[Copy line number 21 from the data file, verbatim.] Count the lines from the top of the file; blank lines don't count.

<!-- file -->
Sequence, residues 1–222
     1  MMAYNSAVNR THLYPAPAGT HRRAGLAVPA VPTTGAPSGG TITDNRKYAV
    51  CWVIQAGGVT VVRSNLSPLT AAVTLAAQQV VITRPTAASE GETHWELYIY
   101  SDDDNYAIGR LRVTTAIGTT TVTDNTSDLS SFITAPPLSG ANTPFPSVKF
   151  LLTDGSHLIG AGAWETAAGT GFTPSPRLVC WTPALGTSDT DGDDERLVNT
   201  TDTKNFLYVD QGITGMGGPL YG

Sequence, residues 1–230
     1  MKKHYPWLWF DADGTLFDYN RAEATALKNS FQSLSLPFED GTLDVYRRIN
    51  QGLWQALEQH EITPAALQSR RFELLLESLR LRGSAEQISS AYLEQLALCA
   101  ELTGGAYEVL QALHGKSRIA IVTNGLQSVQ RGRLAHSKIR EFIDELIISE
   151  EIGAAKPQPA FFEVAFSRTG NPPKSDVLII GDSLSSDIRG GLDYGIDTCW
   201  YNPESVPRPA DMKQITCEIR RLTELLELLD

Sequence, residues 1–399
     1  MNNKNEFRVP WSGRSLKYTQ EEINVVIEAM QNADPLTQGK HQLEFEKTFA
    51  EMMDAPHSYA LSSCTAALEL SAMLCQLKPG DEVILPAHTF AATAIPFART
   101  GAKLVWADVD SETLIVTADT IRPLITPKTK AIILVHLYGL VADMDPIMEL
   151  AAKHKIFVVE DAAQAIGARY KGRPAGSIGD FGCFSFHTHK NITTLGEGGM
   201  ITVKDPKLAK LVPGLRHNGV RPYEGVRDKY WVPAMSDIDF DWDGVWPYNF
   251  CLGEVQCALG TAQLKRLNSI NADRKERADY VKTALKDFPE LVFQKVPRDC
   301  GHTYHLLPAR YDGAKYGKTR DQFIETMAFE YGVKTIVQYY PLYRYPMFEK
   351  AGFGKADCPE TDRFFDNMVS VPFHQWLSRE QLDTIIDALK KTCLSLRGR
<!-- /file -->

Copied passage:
   351  AGFGKADCPE TDRFFDNMVS VPFHQWLSRE QLDTIIDALK KTCLSLRGR